China’s Ordos city, where towers that sprang from Inner Mongolian farmland now sit empty, is showing the hangover has just begun from a decade-long building boom.
Ordos City Huayan Investment Group Co., a developer whose chairman headed a group of livestock researchers, is at high risk of defaulting on 1.2 billion yuan ($194 million) of bonds if investors exercise an option to offload them in December, said Haitong Securities Co. and China Investment Securities Co. Also in the city, Inner Mongolia Hengda Highway Development Co. asked noteholders to defer rights to sell back private securities in April due to cash shortages, according to China International Capital Corp.
The city whose fortunes reversed as a coal boom turned to bust is grappling with China’s slumping property market that researcher SouFun Holdings Ltd. said led to more than 10 “ghost towns.” Five years after the first building was finished in the eastern city of Tianjin’s replica of Manhattan, the district remains almost deserted. Locals in the city of Handan, where a burst property bubble left half-constructed high-rises, have blocked streets to protest soured investments.
“Many small-city developers are running into financial trouble,” said Liu Yuan, a Shanghai-based research director for Centaline Group, China’s biggest property agency. “It’s the problem Ordos faces after its property bubble burst.”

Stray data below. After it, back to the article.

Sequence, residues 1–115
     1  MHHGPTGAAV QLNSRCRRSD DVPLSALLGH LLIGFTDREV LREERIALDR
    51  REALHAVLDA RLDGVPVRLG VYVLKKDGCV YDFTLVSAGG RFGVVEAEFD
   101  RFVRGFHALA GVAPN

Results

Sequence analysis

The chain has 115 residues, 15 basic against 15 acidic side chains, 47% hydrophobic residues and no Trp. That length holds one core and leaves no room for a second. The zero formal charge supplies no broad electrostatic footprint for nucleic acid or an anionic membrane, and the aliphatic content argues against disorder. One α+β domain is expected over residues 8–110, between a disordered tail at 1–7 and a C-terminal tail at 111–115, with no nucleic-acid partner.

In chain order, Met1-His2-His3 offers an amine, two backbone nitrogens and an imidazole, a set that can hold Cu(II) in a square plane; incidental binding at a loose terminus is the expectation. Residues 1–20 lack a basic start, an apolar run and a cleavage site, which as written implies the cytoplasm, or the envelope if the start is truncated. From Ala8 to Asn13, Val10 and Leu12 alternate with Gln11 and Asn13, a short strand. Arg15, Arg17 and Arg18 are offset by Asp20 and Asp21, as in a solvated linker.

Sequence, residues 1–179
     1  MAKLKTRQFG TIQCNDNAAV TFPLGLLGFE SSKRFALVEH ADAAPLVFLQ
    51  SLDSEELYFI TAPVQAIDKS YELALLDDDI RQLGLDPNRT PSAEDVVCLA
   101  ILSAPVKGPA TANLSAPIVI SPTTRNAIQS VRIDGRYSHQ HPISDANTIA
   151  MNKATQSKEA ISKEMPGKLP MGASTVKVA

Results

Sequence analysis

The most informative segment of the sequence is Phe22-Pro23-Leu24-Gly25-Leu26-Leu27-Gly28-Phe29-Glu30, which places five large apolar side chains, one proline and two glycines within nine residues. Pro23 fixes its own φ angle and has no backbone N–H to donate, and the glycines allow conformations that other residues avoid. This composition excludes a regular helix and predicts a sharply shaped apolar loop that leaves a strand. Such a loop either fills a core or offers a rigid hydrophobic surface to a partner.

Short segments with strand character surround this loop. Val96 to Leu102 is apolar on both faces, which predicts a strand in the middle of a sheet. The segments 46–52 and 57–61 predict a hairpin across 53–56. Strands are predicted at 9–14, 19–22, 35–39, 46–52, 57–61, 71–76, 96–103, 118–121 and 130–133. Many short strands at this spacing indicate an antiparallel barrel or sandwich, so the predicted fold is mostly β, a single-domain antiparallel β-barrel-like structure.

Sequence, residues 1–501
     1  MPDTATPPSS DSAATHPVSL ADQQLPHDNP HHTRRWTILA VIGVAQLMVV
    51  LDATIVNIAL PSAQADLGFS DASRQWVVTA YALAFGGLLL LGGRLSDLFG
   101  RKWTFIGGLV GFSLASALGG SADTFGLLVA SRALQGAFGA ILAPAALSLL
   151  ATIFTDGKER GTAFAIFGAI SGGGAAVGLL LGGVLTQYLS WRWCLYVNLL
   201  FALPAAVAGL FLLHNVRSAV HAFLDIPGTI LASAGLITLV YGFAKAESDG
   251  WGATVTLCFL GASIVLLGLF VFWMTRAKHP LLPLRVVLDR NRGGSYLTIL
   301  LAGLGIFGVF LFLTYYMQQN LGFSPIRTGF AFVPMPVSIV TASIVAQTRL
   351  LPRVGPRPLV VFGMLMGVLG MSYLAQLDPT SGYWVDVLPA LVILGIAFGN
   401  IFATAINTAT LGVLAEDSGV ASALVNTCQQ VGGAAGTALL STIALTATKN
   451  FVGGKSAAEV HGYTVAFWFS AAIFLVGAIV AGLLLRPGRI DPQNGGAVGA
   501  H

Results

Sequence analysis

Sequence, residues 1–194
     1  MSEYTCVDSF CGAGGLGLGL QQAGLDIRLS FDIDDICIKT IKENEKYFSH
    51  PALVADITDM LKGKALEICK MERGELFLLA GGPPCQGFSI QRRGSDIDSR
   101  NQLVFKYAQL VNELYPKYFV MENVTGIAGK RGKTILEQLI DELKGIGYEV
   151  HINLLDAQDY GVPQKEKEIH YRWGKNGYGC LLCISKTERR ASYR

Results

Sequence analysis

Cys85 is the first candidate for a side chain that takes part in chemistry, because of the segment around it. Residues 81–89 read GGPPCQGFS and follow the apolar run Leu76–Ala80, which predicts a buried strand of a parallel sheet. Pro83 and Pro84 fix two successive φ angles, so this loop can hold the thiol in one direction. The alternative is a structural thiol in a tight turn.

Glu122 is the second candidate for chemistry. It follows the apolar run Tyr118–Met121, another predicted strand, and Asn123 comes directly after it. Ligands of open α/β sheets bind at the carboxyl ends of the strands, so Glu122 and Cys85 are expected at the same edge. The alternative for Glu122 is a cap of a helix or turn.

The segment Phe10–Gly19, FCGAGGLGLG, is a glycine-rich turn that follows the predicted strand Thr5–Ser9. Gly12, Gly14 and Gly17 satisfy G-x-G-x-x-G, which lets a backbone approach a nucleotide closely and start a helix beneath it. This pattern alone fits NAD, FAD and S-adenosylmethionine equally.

China’s slowest economic growth since 1990 and a shift toward the service sector from traditional smokestack industries are adding to stresses in less developed areas. That’s frustrating long-standing efforts to boost the regions through steps including the “Go West” campaign launched in 2000 to cover six provinces including Inner Mongolia.
Cities suffering from declines in fiscal revenue need close scrutiny for potential debt failures, according to Zhang Chao, a bond analyst at China Investment Securities in Shenzhen. The highest-risk areas rely on resource production like Inner Mongolia and Shanxi, and also include northeastern provinces such as Heilongjiang and Liaoning, he said.
President Xi Jinping must balance efforts to rein in record regional borrowings that swelled after a 4 trillion yuan stimulus package in 2008, with steps to prevent contagion in the nation’s money markets. Two landmark bond defaults in April, one at a state-owned company and another at a homebuilder based in the southern city of Shenzhen, showed that companies in larger cities have also become vulnerable.
Financial difficulties are even worse among developers in smaller cities, according to Liu Dongliang, a senior analyst at China Merchants Bank Co. in Shanghai.
An official who wouldn’t disclose her name in Ordos City Huayan’s accounting department said the company will be able to meet any bond payments in December given that the notes are guaranteed by a local government financing vehicle.
The developer said in 2012 it would spend the majority of its bond proceeds building a commercial center covering 232,514 square meters, almost the size of the “Bird’s Nest” Olympic stadium in Beijing, with a shopping mall, furniture and home appliance stores and supermarket.